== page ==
Christmas might not figure in the Buddhist calendar but the Thais found something to celebrate anyway. With the stock exchange open for business throughout the festive period local investors gorged on bank stocks, rather than goose fat and brandy butter.
There was barely a turkey in sight as the banking index soared 31.8% during the month, led by Kasikornbank, which put on almost 55%. Christmas was the busiest trading day of the month for bank stocks as local investors took the chance to buy into the sector before the foreigners returned from their holidays; a kind of religio-cultural arbitrage.
The boom in bank stocks reveals a revival in confidence in the underlying strength of the sector: improved results are expected, good loan growth is projected for 2004, expensive post-crisis loans are being paid off, the level of non-performing loans is shrinking and, at the same time, a government hike in land valuations is set to improve the value of collateral held against the bad loans. And, for the first time since the crisis, banks are now preparing to pay out dividends again.
Still, the strength of the rally, and the timing of it, came as a surprise. All four big-cap banks - Bangkok Bank, Kasikornbank, Siam Commercial Bank and Krung Thai Bank - surged on the days before and after Christmas and the level of local participation, according to some analysts, was unusually high for a sector that is typically dominated by foreign players.
Investors' Christmas buying spree drove prices up so far that trading in 2004 kicked off with a swift round of profit-taking. By the close on Wednesday January 7 Kasikornbank had fallen from its New Year's Eve peak of Bt65 to Bt57.5. Siam Commercial Bank was beaten back from Bt55 to Bt49.5 and Bangkok Bank fell from Bt109 to Bt101. Krung Thai was the only big-cap to carry its upward momentum into 2004, but by the year's second day of trading investors were taking profits there too.
With that mild adjustment out of the way, bank stocks look set to continue gaining in January and there are plenty of banking bulls who claim the price spurt was more than just end-of-year window dressing. The main driver behind the upbeat mood is the country's positive economic outlook.
This year's growth is set to hit 6.4%. According to government estimates it will reach 8% next year and as much as 10% in 2005.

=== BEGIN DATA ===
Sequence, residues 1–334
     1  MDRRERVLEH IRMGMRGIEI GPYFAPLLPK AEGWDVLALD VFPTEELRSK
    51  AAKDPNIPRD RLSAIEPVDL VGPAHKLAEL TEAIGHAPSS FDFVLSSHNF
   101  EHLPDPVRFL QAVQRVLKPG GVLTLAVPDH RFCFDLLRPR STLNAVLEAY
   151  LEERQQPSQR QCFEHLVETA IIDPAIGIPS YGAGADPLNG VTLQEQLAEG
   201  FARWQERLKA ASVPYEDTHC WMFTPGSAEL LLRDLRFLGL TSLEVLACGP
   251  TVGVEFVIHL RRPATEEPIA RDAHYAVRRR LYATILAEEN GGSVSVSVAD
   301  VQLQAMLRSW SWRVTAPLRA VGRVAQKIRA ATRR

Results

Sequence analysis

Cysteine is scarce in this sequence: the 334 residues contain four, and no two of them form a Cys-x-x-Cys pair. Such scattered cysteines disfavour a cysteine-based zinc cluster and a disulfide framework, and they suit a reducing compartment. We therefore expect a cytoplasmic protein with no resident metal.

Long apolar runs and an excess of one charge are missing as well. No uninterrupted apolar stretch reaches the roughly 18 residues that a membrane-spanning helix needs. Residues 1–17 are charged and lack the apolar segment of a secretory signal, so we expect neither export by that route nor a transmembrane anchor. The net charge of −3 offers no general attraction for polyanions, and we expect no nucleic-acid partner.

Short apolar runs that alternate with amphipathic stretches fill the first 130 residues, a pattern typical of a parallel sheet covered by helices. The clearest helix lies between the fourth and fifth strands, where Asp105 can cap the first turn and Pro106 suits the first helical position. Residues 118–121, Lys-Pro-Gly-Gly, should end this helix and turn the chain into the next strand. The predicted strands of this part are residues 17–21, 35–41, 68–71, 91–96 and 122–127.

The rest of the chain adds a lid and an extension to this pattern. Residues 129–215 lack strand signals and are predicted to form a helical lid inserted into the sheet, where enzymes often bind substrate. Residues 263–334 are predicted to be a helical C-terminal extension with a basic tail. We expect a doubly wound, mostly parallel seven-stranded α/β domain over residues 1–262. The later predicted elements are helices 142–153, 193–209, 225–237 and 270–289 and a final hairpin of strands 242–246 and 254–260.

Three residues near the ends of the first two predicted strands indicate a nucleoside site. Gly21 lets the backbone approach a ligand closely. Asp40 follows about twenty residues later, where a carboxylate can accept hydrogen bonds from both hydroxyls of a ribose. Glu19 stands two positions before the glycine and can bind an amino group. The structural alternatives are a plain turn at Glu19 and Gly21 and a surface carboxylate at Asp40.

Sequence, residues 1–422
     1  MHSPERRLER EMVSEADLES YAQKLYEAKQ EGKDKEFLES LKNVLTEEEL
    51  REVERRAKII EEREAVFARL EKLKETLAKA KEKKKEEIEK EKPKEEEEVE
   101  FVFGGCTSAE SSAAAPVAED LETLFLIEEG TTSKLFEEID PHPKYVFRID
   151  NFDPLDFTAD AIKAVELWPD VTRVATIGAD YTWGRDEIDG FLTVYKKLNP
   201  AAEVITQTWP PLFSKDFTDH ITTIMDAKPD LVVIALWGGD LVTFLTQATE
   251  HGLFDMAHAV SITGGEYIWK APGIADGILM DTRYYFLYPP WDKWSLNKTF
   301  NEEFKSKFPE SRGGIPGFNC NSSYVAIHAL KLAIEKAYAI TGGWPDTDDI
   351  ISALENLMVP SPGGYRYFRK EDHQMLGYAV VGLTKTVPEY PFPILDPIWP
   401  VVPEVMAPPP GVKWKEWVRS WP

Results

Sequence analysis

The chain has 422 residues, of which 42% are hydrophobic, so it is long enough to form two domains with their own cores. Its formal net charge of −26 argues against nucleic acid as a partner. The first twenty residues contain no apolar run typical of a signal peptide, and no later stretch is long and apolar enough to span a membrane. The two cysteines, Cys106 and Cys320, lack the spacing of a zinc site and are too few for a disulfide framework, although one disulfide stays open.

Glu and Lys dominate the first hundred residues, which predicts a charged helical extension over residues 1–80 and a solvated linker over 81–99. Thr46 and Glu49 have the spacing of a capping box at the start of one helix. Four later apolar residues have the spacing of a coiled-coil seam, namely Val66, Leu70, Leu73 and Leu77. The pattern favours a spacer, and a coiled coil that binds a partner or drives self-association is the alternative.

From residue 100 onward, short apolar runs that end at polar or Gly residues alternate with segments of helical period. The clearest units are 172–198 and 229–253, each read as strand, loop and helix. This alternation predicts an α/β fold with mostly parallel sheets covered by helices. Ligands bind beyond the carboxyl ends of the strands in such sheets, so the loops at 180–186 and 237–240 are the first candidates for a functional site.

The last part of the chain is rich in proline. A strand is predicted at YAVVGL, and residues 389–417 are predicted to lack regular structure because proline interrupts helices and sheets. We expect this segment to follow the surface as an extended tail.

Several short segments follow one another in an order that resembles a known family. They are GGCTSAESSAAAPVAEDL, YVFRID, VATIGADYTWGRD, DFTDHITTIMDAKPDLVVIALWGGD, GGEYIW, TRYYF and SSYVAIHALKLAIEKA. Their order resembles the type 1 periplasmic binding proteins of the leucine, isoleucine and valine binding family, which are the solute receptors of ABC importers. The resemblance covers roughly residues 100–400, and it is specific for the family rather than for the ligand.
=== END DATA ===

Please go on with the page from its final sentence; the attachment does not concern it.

Of more direct relevance to the timing of the Christmas surge was the good news released in early December. Imports in October were up 16.7% on the previous year to $7.3 billion, a monthly record high.
The trade surplus stood at $136 million. Manufacturing output grew beyond expectations, plus tourism and hotel occupancy rates both improved on figures from the previous year. And, perhaps most important for the banks, the industrial capacity utilization rate rose to 69.1%.
"There has also been a dramatic improvement in corporate debt," says Bob McMillen, CEO of Seamico Securities, which helped rehabilitate Nakornthai Steel Mill after a three-year suspension from the stock exchange. On the first day that trading resumed, in November, its stock rose almost 130%.
"More and more companies are successfully completing restructurings, which all flows back to the banks," he adds.
All of this leads analysts to expect healthy profits for the Thai banknig industry in 2004, fuelling expectations that many banks will use the excess cash to pay off the hybrid securities, which have been a drag on their balance sheets since just after the crisis - the average cost of these instruments is about 11%.
Thai Military Bank completed early repayment of Bt13.3 billion of hybrids in December and, in the same month, Bangkok Bank offered 533 million new shares as part of a plan to pay off its Bt46 billion of hybrids.
Bank of Ayudhya, DBS Thai Danu Bank and Kasikornbank have all announced similar plans to make early repayments.
Also, as part of its financial master plan the government unveiled measures this week to encourage smaller banks and financial institutions to merge, which is eventually expected to boost competitiveness across the industry. Thailand is presently home to 83 financial institutions, which Bank of Thailand governor Pridiyathorn Devakula considers to be too many.
The new merger-friendly rules also spurred a boom in the rumour industry. Bankthai and Industrial Finance Corporation are odds-on to be the first merging entities under the new rules, but the favourite tale doing the rounds is that ABN Amro is looking to offload its 75% stake in Bank of Asia to UOB Radanasin Bank.
To be sure, its stock price ended the month marginally lower than where it started, apparently reflecting investor uncertainty about the bank's future. And ABN's representative on the Bank of Asia board, Felix van Kleet, stepped down from the position on January 7, convincing investors that something was afoot.
Bankers close to the matter dismiss the talk as idle gossip. They say Bank of Asia missed out on the rally simply because it hasn't gone on the record about issuing dividends.
"It's the same thing at DBS Thai Danu," says one banker. The market, meanwhile, prefers to look at what they consider a more pertinent similarity: the fact that Singapore's DBS is trying to negotiate a merger between Thai Danu and Thai Military Bank.